• What do you mean "there is no spatial scale"? The distance from the plate a gives spatial scale. In your answer, you merely state that you can ignore it with no justification. Why doesn't the same argument work with a point charge, or with a charge evenly distributed along an infinite wire? – Peter Shor Oct 20 '18 at 12:12
• @PeterShor for $1/r^2$ things all that matters is solid angle, and when your plate is infinite, there is no solid-angle-scale: the plate looks the same from 1 (classical) micron away as it does one light year. Now the wire, it get's skinnier the further you move away from it--even though it's already 0 width, it goes to $0\times\frac{r'}{r}$. – JEB Oct 20 '18 at 12:20
• @JEB: thank you for supplying the justification that was completely missing in the above answer. – Peter Shor Oct 20 '18 at 12:21
• @jEB thanks for the clarification, feel free to edit the answer fi my comment was still unclear) – Wolphram jonny Oct 20 '18 at 12:29
• @Wolphramjonny You're welcome. The OP wants to know "why", not "how", and I think your answer hits the mark: scale independence. Why it's scale independent when there are scale s present is a valid concern, I think that could be resolved with Gauss's law: if you imagine a right cylinder and do the field lines vs total charge in the box, the size of the cylinder doesn't matter. – JEB Oct 20 '18 at 14:49

If you place a uniform charge density, so not a single highly non-uniform point charge, on each of the plates, then far enough away from the edges of the plates the E field will be constant. Note that the plates should be much larger than their separation.

• Could you please explain WHY this happens though? Why will it become constant when you have two parallel plates? – John Hon Oct 20 '18 at 10:36
• One answer would be : because of Gauss's law. Another way to look at this is to consider a point P at height z above an infinite plain. $\vec E$ is the vector sum of all contributions from the infinite plain. When you change z then all charges are further away, which tends to decrease the field . However, we need the vectorial sum here. The angles under which the charges are seen from P are decreasing giving an increase of the field at P. Both effects exactly cancel. – my2cts Oct 20 '18 at 10:43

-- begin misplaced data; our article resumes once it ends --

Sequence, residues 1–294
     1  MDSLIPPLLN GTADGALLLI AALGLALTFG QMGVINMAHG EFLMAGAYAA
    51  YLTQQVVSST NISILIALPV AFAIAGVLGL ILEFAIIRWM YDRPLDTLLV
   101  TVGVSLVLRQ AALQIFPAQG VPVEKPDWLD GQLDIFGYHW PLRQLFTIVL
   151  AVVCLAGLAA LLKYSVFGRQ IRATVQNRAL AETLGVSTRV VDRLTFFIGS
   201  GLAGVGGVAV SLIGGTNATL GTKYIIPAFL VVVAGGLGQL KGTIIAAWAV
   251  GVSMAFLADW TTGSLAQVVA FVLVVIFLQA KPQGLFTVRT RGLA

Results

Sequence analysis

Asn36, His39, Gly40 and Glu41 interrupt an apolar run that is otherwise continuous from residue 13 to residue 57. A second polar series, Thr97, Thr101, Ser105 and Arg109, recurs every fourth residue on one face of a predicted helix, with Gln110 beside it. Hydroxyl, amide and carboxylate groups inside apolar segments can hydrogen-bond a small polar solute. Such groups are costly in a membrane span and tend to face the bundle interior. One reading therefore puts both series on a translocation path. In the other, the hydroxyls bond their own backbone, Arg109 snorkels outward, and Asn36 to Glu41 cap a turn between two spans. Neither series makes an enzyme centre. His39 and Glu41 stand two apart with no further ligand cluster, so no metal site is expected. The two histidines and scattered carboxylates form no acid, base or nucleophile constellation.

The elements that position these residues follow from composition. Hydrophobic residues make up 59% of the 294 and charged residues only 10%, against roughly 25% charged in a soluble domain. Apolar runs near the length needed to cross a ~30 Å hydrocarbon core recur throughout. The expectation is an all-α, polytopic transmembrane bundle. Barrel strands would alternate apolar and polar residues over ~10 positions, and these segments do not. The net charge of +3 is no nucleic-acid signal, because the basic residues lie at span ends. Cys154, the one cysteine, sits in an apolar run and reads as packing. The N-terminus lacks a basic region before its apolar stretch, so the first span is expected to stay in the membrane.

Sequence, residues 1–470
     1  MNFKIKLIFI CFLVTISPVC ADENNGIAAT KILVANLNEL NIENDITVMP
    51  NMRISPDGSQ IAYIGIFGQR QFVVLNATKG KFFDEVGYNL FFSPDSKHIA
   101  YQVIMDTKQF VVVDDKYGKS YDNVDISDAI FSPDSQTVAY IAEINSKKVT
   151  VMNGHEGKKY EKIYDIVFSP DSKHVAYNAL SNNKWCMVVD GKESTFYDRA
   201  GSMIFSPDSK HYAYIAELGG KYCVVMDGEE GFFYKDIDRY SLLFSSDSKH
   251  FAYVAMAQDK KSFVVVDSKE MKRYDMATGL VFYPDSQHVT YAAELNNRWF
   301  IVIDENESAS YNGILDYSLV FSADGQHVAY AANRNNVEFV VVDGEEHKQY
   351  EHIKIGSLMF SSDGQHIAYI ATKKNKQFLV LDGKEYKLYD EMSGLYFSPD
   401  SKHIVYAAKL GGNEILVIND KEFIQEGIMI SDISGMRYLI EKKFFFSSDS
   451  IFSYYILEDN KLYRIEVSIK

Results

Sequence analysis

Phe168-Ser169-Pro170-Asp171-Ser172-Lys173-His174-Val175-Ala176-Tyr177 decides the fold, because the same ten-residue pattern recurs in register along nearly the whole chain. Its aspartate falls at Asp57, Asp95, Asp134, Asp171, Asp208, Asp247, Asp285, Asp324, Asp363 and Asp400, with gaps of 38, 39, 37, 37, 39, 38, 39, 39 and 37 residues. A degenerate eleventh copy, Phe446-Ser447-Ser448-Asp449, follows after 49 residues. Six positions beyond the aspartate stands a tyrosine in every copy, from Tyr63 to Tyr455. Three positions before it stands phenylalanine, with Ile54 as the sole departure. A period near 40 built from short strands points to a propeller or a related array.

You're right !

It seems pretty clear this wouldn't be a uniform electric field.

This uniform field is only valid under certain approximations.

First the separation between plates must be very small compared to the size of the plates. This means that when we expand the exact solution in terms of powers $$\frac x L$$ where $$x$$ is the distance from plates and $$L$$ is a measure of the size of the plates, we can neglect anything but the constant term.

Typically we also assume an infinitely large plate, so that there are no boundary effects.

In a real situation, the edges ("boundary") clearly won't have the same field as the middle of the plate. So the field cannot be uniform for finite plates. Hence we approximate with infinite plates, which works well for the field in around the middle, and in the case of small separations this works well enough for most of the plate.

When you use separations comparable in magnitude to the size of the plates, you will not get a uniform field. It's easy to see that in that case the closer you are to one plate or another, the more influence it has on the field around you. In fact when the separation becomes much larger than the size f the plates, you can approximate the plates with points and you end up with an approximation of the field between two point charges, which is definitely not uniform.